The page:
MCSN Justin E. Yarborough/Navy // Navy education counselors at Navy College offices and online can help sailors seeking to use Navy tuition assistance to cover vocational learning. Here, a counselor outlines the Navy College program to a sailor during an afloat career information fair in 2010. (Navy)
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GETTING THE RIGHT HELP
Websites and other resources to help you navigate the Navy’s rules on clock hour programs and tuition assistance:
Navy Credentialing Opportunities Online, or Navy COOL.
Navy College offices and counselors can be located online here.
The Virtual Education Center is available at 877-838-1659 or DSN 492-4584 from 6 a.m. to 9 p.m. Eastern time, five days a week, except Christmas, New Year’s Day, Thanksgiving, and July 4. Email help is available through a link on the VEC’s Web page at, which lists toll-free numbers for many countries.
The list of Veterans Affairs Department-approved clock-hour programs can be found online here. Click the "Click here to search for approved programs" link in the center of the screen, then click on the appropriate state to find local programs.
Sailors can once again use tuition assistance dollars for many civilian vocational programs now that the Navy's lifted a two-year ban on the practice.
The Navy in March 2010 stopped allowing sailors to use TA for vocational programs measured in so-called "clock hours," as opposed to more traditional semester or quarter-hour credits offered at colleges and universities.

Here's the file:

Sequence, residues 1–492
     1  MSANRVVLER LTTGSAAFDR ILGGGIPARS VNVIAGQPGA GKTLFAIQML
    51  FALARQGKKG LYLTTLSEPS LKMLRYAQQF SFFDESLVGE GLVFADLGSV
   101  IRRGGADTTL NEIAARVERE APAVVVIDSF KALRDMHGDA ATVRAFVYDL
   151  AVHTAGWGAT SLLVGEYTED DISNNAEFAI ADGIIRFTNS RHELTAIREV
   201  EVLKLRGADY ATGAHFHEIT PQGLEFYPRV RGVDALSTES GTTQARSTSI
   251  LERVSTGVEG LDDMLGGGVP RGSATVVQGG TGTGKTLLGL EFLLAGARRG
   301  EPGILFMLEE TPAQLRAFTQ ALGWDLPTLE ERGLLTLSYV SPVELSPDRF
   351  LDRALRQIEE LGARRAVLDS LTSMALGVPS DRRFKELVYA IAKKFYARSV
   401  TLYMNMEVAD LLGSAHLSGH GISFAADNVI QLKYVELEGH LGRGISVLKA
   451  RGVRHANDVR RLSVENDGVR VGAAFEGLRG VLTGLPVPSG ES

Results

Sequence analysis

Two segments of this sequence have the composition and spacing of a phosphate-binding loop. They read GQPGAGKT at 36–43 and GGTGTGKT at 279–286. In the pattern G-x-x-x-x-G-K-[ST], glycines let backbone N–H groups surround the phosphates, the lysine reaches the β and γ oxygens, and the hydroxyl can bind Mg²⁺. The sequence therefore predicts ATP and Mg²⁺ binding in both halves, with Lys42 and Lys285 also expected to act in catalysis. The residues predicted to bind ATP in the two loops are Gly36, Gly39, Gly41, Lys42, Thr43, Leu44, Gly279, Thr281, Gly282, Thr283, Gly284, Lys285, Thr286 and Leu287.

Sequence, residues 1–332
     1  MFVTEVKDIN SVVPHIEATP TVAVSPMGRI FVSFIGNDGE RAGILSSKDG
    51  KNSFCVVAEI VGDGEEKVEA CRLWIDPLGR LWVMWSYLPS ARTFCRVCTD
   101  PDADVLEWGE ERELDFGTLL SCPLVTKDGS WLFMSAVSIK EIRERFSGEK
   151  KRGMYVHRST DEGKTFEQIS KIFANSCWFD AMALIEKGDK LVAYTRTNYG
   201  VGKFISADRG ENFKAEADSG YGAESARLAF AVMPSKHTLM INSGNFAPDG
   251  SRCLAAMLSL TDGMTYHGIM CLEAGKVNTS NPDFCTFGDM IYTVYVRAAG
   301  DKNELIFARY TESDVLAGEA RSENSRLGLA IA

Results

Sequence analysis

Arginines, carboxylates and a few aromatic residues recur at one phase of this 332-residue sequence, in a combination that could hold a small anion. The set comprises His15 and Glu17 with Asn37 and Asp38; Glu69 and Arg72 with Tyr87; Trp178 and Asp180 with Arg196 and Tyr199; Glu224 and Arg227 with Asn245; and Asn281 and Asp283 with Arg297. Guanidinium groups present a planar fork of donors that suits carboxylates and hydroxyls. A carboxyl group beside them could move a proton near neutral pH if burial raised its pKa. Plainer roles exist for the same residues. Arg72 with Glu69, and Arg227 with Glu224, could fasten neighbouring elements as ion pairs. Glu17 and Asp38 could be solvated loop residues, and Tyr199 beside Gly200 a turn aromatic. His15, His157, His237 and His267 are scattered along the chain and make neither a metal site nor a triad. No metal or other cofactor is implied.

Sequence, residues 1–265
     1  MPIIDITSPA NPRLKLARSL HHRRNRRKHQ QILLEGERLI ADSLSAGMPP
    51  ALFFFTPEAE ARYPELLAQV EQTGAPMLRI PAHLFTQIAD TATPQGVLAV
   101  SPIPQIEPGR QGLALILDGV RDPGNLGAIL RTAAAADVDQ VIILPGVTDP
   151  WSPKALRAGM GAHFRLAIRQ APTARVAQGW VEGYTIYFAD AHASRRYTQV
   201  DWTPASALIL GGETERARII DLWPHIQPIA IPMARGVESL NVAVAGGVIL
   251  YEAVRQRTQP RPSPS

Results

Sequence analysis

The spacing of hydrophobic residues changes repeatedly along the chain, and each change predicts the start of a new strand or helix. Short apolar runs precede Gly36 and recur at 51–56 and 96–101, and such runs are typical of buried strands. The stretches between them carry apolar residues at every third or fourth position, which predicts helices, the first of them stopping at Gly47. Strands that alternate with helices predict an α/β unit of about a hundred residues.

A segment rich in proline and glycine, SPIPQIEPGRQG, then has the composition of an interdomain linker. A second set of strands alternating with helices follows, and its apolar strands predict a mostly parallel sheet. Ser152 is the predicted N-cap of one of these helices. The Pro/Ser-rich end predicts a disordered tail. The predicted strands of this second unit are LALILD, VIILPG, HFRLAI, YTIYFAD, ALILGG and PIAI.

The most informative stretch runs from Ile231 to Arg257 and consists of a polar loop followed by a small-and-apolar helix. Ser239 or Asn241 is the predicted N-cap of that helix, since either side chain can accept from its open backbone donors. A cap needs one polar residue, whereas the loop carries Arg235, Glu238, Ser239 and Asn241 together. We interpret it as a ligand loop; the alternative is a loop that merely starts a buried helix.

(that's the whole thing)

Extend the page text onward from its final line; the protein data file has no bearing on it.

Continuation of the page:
Officials reasoned at the time that programs resulting in certifications instead of degrees were inconsistent with the Navy's degree-heavy off-duty education program and therefore should not qualify for the allowance.
They now say many vocational education programs would translate into better-qualified sailors.
"The Navy continuously reviews its training and education policies to ensure a balance between professional and personal development goals for sailors," said Dr. Jonathan Woods, a voluntary education specialist on the staff of the chief of naval personnel.
And upon further review, clock-hour programs are back in the game and eligible for Navy funding.
"Clock hours is one area where we found value rebalancing nondegree skill acquisition with academic goals, as these programs provide vocational education opportunities that often enhance sailors' skills in technical career fields on active duty and can benefit them when they eventually return to the private sector," Woods said.
Clock hours are used in programs that require a certain number of hours where the student must be observed by instructors. Often, these programs satisfy the minimum educational requirements for certifications or licenses set by a state or national accreditation organization. Examples could range from an electrician's license to the Federal Aviation Administration airframes and powerplant license for aircraft maintenance.
The new TA rules were announced Oct. 2 in a fleetwide message, http://www.public.navy.mil/bupers-npc/reference/messages/Documents/NAVADMINS/NAV2012/NAV12305.txt">NAVADMIN 305/12. Sailors can use TA funds for clock hours only if they meet all the same TA eligibility requirements for traditional semester and quarter-hour programs, according to the message. Many of these requirements are new, issued after the Navy first eliminated clock hours from the program.